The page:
Christianity has a long tradition where followers of Jesus Christ have been imprisoned for their faith. Father Alfred Delp, a Jesuit priest, was condemned as a traitor for his opposition to Hitler, and wrote a meditation on Advent from his prison cell shortly before he was hanged in 1945. When contemplating John the Baptist, or “The One Who Cries in the Wilderness,” Fr. Delp wrote this, “Woe to an age when the voices of those who cry in the wilderness have fallen silent, outshouted by in the intoxication of progress, or growing smothered and fainter for fear and cowardice.” Here was a man lamenting the fact that faith in Jesus Christ was rapidly becoming a private matter reserved only for pious individuals. This safe sentiment sterilizes, leaving the once faithful now impotent unable to mobilize for the cause of Christ.
April 16, 1963, The Rev. Dr. Martin Luther King, Jr. writes a “Letter from a Birmingham Jail.” It’s addressed to his fellow clergyman who were criticizing King’s actions as “unwise and untimely.” Answering these criticisms, he wrote, “I am cognizant of the interrelatedness of all communities and states. I cannot sit idly by in Atlanta and not be concerned about what happens in Birmingham. Injustice anywhere is a threat to justice everywhere. We are caught in an inescapable network of mutuality, tied in a single garment of destiny. Whatever affects one directly, affects all indirectly.” King was not only “cognizant of the interrelatedness of communities and states,” he was also reminding his colleagues of Jesus’ own words from Matthew’s Gospel, ‘Truly I tell you, just as you did it to one of the least of these who are members of my family, you did it to me’ (Matt 25:40). Put differently, how we treat one another represents how we care and treat Christ.
There are hundreds if not thousands of pages of letters of the faithful written from jail cells throughout Christianity’s history. This tradition goes back to the Bible itself where St. Paul wrote many a letter from prisons while held captive by Roman Empire. In today’s Gospel, a letter was not physically written but a message sent from one. This message was not addressed by a prophet to the household of God, but to God himself; and, surprisingly, God answered. “Are you the one who is to come, or are we to wait for another,” John asked? This was a condemned man’s question as John would soon be put to death by the authorities of the day. Perhaps it was a dying man’s last request for a blessing, an anointing, or a sign of comfort. Jesus’ response to John was pastoral in this regard. Pastoral in that he quoted scripture. John knew the scriptures well, and could relate to Jesus’ quotation. Instead of answering directly, Jesus allowed John to determine for himself what the answer might be. In other words, Jesus validated John’s question and in doing so remembered his humanity in a dignified way. The Gospel then has Jesus turning to the questions of the crowd which differ in substance when compared with John’s because the crowd cannot articulate a proper question; therefore, Jesus does it for them naming possible answers to help guide the people. “What did you go out into the wilderness to look at,” Jesus asked the crowd in referencing John’s ministry? He asked this question three times, “What then did you go out to see?” “Was it to watch a reed blowing in the wind? Was it to find someone wearing soft robes? Was it a prophet?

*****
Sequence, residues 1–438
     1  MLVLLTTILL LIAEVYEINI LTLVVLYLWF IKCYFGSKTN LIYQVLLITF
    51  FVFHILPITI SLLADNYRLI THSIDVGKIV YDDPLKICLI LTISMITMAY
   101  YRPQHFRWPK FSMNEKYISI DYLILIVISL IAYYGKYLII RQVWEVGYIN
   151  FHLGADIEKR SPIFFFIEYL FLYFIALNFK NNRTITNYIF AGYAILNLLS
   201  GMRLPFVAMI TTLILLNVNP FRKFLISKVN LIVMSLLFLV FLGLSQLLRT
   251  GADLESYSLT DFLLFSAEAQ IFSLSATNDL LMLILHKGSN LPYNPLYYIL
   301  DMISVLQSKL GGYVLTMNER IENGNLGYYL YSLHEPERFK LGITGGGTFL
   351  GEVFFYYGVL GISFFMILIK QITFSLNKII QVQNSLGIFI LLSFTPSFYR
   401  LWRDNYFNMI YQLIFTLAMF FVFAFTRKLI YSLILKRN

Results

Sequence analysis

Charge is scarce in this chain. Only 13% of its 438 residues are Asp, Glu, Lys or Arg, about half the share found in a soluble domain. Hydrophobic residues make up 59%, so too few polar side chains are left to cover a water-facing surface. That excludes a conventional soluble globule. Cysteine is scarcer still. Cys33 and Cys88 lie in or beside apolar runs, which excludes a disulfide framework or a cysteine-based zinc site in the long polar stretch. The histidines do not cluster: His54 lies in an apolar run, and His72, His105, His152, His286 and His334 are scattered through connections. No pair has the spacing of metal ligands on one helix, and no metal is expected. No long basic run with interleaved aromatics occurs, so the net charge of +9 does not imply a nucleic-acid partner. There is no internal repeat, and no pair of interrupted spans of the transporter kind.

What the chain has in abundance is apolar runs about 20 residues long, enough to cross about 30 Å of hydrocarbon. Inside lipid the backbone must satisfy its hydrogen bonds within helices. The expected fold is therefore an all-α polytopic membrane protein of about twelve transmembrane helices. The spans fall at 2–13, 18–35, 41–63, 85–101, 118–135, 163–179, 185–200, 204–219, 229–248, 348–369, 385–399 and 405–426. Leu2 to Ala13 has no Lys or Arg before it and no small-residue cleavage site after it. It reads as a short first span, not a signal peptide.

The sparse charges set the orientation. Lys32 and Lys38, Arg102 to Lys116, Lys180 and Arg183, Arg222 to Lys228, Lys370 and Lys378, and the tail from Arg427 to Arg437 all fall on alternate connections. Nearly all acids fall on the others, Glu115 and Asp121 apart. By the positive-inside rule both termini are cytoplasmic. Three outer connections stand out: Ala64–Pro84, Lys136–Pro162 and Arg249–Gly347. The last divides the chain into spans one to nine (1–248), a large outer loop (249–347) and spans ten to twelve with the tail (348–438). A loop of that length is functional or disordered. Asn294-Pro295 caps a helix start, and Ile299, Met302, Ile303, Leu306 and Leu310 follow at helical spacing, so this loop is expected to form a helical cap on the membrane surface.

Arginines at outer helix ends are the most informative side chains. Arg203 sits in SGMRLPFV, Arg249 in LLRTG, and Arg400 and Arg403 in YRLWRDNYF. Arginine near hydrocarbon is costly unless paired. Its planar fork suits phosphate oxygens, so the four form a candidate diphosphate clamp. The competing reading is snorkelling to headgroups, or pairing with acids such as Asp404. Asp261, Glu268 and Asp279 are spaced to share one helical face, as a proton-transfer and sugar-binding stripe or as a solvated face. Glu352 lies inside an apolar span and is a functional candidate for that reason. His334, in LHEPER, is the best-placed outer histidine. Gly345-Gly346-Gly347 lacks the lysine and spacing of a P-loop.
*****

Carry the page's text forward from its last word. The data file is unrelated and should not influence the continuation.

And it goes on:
Finding a reed blowing in the desert wind would not be surprising. Given this line of thinking we may ask ourselves, “When was the last time God surprised you?” When was the last time you came to church not knowing what was going to happen, anxiously anticipating a Word from the Lord? Maybe that Word came at coffee hour instead of in the liturgy? Does that ever happen to you? When was the last time you were pleasantly surprised by joy?